So, that’s a personal problem.

I’m not even going to question why their buddies were sent out to apprehend them. It seems like a mistake, unless you’re going full supervillain, with something like, “find him, or you’ll all be executed.” Which would not endear him to his former friends, (in case there was some confusion on that point.)

So, that’s what happens after, but it still leaves a lot of blank spaces working up to it.

Alpine terrain tells me very little. This could be high altitude, it could be mountain ranges near the coasts which are relatively low, but still, “alpine.” If it’s the former, and he wasn’t acclimated, altitude sickness is a serious pain in the ass.

Assuming a roughly earth like atmosphere, altitude sickness starts to manifest at around 2,000m above sea level. At 3,000m above sea level, the rate of incidence exceeds one in four. There’s good news, you can antagonize it, resulting in symptoms at altitudes as low as 1,600m, if you’re so inclined.

Altitude Sickness is hypoxia resulting from there not being enough oxygen in the atmosphere. Symptoms include, nausea, vomiting, headaches, insomnia, fatigue (there’s a fun combination), and vertigo. Short version is, if this goes acute, you’re not doing much of anything until your body acclimates.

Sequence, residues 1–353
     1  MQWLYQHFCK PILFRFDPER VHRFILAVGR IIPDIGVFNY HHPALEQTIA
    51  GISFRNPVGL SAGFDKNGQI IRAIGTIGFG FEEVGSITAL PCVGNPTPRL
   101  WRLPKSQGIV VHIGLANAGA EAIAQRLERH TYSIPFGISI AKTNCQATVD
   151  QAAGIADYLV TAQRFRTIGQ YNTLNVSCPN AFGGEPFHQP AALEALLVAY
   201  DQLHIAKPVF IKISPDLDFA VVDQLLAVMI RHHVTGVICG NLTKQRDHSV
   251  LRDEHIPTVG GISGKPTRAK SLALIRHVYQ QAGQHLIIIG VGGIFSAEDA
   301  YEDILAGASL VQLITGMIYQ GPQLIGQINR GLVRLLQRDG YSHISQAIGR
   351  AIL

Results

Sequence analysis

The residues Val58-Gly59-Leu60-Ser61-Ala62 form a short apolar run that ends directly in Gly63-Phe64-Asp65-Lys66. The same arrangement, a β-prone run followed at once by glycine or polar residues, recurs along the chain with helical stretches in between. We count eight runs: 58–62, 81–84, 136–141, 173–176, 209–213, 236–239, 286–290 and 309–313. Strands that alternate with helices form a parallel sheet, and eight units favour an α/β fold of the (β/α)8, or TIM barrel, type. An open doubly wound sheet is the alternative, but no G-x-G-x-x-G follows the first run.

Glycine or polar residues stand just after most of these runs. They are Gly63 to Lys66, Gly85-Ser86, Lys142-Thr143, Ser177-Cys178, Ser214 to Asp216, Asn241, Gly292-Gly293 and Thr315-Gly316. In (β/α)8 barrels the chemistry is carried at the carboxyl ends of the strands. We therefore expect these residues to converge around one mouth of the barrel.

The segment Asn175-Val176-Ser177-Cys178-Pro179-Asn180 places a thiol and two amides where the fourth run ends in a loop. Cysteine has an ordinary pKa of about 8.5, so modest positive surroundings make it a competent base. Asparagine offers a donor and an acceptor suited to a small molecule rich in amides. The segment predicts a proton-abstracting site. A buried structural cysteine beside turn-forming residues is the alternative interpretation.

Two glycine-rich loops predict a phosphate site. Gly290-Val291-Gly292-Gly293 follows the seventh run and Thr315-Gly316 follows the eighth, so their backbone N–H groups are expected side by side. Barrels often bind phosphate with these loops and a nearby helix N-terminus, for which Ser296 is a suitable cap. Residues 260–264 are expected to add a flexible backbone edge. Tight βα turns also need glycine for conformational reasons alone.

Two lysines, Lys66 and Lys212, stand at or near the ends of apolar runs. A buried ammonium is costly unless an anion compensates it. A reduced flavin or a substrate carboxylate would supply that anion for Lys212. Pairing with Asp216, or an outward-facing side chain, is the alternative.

Physical activity for extended periods, for example, fleeing through the mountains while pursued by local, acclimated militia, would probably end badly. Also, overall physical fitness is not a factor in resisting altitude sickness. Just because your character is a soldier doesn’t mean they’ll be mysteriously immune.

There are chemical ways to help cope with altitude sickness. Historically, indigenous people in the Andes chewed Coca leaves for their stimulant effect. This also had the effect of combating altitude sickness. I suspect this is because coca functions as a vasodilator, increasing blood flow, and as a result, the available oxygen in the user.

If your character is dependent on chemical assistance to survive, they’d face a logistical problem. They could only carry a limited amount or supplies, while their pursuers would have access to resupply.

Also worth noting that, historically, the Coca plant was viewed as having religious significance, and as a result, consumption among the Incas were restricted to royalty, senior officials, and the military. It’s not implausible that a similar situation may exist in your setting.

In case this was somehow missed, the altitude will make engaging in melee combat basically impossible, as even one skirmish could easily incapacitate your character.